# Margin calculation

Hello,

I am really really new to Forex and margin is a real confusion for me. When you use margin, like say I have a \$1000 account with 50:1 margin, if I spend \$10,000 on a trade does is first take \$1000 from me and then adds \$9000 and I lose whatever is lost in the trade (so if the trade depreciates to \$9000 my account is blown) or is it for every \$50 lost I lose a dollar?(e.x. I close a position with \$9,950 so now my account is worth \$999 instead of \$1000)

`` thanks``
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You wrote a long, complex question.

Iâ€™m going to break it up into parts, in order to answer the various issues you have raised.

Keep in mind that 50:1 is the maximum leverage allowed by your broker. But, donâ€™t even think of using that much leverage on one trade, or even on several trades combined.

In the U.S., maximum allowable leverage is limited by the CFTC (the forex regulator), and 50:1 is the most that any U.S. broker may offer to retail clients.

Maximum allowable leverage determines the margin required on each trade. 50:1 corresponds to 2% required margin.

To use simple numbers, letâ€™s say that on a particular trade the notional value of the trade is \$10,000 and the required margin is \$200, which is 2% of \$10,000.

In the retail forex market, you donâ€™t â€śspendâ€ť, you donâ€™t invest, you donâ€™t buy or sell, and you donâ€™t borrow.

What you do is bet on the change in price of a base currency with respect to a cross currency. You can place a bet of any size, provided you have sufficient funds in your account to cover the required margin.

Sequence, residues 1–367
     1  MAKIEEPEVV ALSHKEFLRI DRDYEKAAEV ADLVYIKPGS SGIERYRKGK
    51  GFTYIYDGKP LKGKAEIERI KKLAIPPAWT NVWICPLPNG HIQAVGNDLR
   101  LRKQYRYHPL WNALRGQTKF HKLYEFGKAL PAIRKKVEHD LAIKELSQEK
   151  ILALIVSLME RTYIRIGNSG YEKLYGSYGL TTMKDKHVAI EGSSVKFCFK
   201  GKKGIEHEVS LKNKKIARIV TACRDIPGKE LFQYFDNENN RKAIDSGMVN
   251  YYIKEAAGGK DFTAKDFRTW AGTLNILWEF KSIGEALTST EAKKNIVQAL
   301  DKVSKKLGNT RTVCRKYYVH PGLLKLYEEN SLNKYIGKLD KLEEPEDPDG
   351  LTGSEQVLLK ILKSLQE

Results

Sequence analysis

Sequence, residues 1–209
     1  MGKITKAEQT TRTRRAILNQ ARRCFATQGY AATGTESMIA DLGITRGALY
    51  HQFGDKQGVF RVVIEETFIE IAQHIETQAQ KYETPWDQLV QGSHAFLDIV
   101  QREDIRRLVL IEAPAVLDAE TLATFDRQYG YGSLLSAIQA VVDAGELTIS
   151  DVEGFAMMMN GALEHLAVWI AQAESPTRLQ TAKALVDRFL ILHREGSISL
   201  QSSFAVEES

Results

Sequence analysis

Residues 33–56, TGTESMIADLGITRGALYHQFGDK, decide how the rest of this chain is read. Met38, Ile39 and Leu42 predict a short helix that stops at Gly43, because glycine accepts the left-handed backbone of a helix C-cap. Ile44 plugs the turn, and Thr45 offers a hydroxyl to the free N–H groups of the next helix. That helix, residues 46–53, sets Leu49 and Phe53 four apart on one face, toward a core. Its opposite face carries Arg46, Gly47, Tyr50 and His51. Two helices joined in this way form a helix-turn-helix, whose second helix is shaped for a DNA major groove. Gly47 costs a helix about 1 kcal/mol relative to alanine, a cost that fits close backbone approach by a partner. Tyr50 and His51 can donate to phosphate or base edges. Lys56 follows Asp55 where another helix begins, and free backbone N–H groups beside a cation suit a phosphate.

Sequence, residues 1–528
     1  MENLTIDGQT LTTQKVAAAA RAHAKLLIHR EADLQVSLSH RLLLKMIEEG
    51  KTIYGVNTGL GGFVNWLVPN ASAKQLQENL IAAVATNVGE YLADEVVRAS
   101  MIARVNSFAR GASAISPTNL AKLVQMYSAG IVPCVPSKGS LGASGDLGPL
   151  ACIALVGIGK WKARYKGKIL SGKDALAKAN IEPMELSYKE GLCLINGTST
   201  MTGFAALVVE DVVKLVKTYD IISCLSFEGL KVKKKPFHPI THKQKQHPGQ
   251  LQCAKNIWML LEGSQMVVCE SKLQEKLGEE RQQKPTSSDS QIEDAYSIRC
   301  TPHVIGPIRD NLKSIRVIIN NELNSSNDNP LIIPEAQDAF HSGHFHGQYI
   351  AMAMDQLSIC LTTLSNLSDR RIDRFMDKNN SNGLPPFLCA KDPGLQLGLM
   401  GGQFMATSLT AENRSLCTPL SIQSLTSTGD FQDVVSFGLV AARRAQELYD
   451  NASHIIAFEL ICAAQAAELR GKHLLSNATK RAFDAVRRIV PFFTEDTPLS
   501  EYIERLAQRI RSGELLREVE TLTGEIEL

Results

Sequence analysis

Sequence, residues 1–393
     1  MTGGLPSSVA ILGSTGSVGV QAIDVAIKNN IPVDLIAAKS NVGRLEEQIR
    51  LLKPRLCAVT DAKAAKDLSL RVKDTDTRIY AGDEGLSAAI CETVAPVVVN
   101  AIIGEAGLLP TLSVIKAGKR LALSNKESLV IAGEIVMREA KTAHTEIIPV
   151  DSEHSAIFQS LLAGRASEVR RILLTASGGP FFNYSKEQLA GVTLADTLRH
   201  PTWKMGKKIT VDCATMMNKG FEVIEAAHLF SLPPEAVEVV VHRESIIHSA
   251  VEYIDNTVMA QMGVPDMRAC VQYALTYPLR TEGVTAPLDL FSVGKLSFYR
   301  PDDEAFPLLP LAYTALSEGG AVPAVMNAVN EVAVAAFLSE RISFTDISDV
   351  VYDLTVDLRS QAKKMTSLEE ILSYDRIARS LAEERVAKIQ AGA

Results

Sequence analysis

No. Your broker does not â€śtakeâ€ť \$1,000 from you, and he does not â€śaddâ€ť \$9,000 of his money to your account.

What he â€śtakesâ€ť from you (temporarily) is the \$200 required margin. The margin money is set aside, or escrowed, until your trade is closed â€” at which time, you will get it back.

As explained above, you are placing a bet on something. That â€śsomethingâ€ť is \$10,000 worth of a particular base currency priced versus a particular cross currency. You are not buying (or selling) \$10,000 worth of that base currency.

Think of betting on a horse race. You pick the horse you want to bet on, and you decide how big a bet to place. You can bet on a horse thatâ€™s worth a million dollars, with just \$2 of your own money. [I]You donâ€™t have to buy the horse.[/I]

Well, yeah. If your \$10,000 trade goes south [I]big-time,[/I] and becomes worth only \$9,000, then youâ€™re going to cover that \$1,000 loss. Your broker certainly isnâ€™t going to cover your loss for you.

No. Scratch that whole idea out of your mind.

If your trade declines by \$50, you will have lost \$50. Your \$1,000 account will then have a balance of \$950.

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1 : 50 is your leverage

which means you have to put up as collateral 1 dollar for every 50 dollar in the market

collateral \$ 200 = \$ 10,000 in the market.

that does not mean you lose only 1 dollar for every 50, you will gain or lose as per market conditions (double edged sword of leverage)

if you are closing a position with \$ 9950, which is 50 points, you will still lose \$ 50 from you account.

1 Like

that was a great explanation. thank you

Required margin = notional value/leverage

In your case \$10,000/50 = \$200 and as Clint pointed out will be returned to you regardless of the outcome.

10,000 unit is 1 mini lot which is about \$1 per pip. If price moves against you by 50 pips, you lose \$50

One thing to note very seriously is â€śmargin callâ€ť as your position will be closed by your broker. You get a margin call when your equity <= used margin. So with a \$1000 account and a Maximum allowable leverage of 50:1 try not to open multiple mini lots or standard lots. This is where risk management comes in.

I hope this helps, cheers!